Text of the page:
[i]n the case of an alleged unlawful employment practice occurring in a State, or political subdivision of a State, which has a State or local law prohibiting the unlawful employment practice alleged and establishing or authorizing a State or local authority to grant or seek relief from such practice or to institute criminal proceedings with respect thereto upon receiving notice thereof, no charge may be filed [with the EEOC] by the person aggrieved before the expiration of sixty days after proceedings have been commenced under the State or local law, unless such proceedings have been earlier terminated. . . .

The Second Circuit found this to be a distinction without a difference. When a deferral-state agency waives its right to a sixty-day period of exclusive jurisdiction, that waiver terminates the agency's proceedings within the meaning of § 2000e-5(c). See EEOC v. Commercial Office Prods. Co.. 486 U.S. 107, 114-20 (1988); Ford v. Bernard Fineson Dev. Ctr., 81 F.3d 304, 309 (2d Cir. 1996). Under the worksharing agreement in Tewksbury, when the EEOC received the plaintiff's charge, it was deemed to have "instituted proceedings" with the NYSDHR. See also 29 C.F.R. § 1626.10(c) ("Charges received by one agency under [a worksharing] agreement shall be deemed received by the other agency for purposes of [the timeliness of the charge]."). But under the same agreement, whereby the NYSDHR waived its sixty-day exclusive jurisdiction period, those proceedings terminated as soon as they began. See Commercial Office Prods. Co., 486 U.S. at 115; Ford, 81 F.3d at 309. `Thus, the NYSDHR proceeding on Tewksbury's ADA charge formally began and ended upon the EEOC's receipt of the charge but before Tewksbury's charge could be deemed as filed with the EEOC. The charge was, accordingly, `initially' filed with the NYSDHR, not the EEOC." Tewksbury. 192 F.3d at 327; see also EEOC v. Rotary Corp.. 297 F. Supp.2d 643, No. 00 Civ. 1478, 2003 WL 23094694, at *4-*5 (N.D.N.Y. Dec. 29, 2003). Tewksbury therefore held that if the EEOC and a deferral-state agency enter into a worksharing arrangement whereby each designates the other as agent for purposes of receiving charges, "an administrative charge is subject to the 300-day limitations period, is timely filed, and is `initially filed' with the deferral state-agency, even though it was actually filed first with the EEOC."Millage, 258 F. Supp.2d at 985 (so characterizing Tewksbury's holding).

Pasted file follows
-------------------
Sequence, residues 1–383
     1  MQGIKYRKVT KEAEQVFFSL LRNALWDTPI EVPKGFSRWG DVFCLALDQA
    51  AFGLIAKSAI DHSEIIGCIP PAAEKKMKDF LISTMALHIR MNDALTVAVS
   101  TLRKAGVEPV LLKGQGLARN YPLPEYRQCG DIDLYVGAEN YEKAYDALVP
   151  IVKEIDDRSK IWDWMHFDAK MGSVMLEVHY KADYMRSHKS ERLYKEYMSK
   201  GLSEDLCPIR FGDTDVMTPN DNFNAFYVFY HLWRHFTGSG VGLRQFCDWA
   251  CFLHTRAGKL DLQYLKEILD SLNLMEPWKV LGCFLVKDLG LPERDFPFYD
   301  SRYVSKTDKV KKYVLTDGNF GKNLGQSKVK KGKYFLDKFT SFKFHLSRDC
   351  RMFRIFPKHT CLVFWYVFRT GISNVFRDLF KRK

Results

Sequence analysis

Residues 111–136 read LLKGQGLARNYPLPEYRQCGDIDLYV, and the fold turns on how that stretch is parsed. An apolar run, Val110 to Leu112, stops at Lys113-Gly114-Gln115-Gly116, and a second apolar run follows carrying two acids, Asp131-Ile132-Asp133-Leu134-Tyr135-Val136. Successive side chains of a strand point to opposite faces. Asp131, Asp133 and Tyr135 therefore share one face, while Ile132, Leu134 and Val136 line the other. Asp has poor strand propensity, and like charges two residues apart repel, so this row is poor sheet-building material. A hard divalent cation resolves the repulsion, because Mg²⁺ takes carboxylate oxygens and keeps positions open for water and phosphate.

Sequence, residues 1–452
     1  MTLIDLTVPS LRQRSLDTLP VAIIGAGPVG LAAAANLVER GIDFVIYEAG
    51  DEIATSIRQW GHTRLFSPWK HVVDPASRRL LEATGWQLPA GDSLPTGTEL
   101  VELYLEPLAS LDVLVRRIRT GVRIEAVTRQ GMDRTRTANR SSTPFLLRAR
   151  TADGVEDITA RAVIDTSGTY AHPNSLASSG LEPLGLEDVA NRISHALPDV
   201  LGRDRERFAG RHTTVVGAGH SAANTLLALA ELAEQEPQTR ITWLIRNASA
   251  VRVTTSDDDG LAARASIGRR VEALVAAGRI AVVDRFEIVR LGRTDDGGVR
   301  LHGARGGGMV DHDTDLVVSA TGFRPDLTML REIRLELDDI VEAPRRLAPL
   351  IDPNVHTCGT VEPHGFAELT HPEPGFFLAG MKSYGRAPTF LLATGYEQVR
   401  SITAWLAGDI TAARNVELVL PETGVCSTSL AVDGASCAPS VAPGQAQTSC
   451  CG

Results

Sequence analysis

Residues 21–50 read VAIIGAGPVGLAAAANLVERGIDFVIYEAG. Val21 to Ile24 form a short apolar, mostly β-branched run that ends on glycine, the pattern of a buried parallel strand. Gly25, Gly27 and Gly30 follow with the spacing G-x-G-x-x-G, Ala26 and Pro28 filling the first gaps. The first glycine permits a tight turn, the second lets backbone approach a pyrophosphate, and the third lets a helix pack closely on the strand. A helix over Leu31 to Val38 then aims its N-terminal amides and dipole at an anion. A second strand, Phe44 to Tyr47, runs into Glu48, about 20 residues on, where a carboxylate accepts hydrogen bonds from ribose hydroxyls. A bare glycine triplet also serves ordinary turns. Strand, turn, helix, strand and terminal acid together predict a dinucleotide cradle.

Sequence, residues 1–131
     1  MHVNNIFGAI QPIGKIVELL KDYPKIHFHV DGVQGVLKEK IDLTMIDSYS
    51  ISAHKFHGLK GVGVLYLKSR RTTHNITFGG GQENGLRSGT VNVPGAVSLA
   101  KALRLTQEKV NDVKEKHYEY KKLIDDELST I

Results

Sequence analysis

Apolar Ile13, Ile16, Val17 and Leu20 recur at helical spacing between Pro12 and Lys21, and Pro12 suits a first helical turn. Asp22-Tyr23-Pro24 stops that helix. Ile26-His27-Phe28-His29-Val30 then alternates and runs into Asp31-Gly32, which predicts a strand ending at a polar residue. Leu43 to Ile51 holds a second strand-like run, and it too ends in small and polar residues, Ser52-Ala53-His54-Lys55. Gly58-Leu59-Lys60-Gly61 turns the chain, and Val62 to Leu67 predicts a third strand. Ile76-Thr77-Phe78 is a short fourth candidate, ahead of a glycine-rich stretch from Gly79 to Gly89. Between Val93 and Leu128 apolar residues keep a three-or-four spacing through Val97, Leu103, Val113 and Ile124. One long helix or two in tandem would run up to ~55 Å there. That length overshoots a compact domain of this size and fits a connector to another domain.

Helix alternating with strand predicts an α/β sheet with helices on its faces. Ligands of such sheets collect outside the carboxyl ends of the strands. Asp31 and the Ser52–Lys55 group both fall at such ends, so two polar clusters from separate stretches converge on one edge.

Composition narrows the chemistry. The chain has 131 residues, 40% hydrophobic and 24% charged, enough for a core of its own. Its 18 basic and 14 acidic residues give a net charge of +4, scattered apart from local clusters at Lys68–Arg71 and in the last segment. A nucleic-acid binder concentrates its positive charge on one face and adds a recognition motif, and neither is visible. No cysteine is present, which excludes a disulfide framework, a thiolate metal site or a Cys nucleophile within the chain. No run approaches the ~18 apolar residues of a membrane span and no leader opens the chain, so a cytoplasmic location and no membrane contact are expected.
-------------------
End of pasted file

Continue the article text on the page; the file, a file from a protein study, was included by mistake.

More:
The West electronic database indicates that this decision emanated from the Southern District of New York. This appears to be an error. The opinion's author, Judge David N. Kurd, sits in the Northern District of New York, and the listed docket number in the Southern District refers to a different case.

Between October 1, 1999, and September 30, 2000, the EEOC and the NYSDHR were cooperating pursuant to a worksharing agreement virtually, if not entirely, identical to the one at issue in Tewksbury. (2d Seward Decl., Ex. 38.) Each agency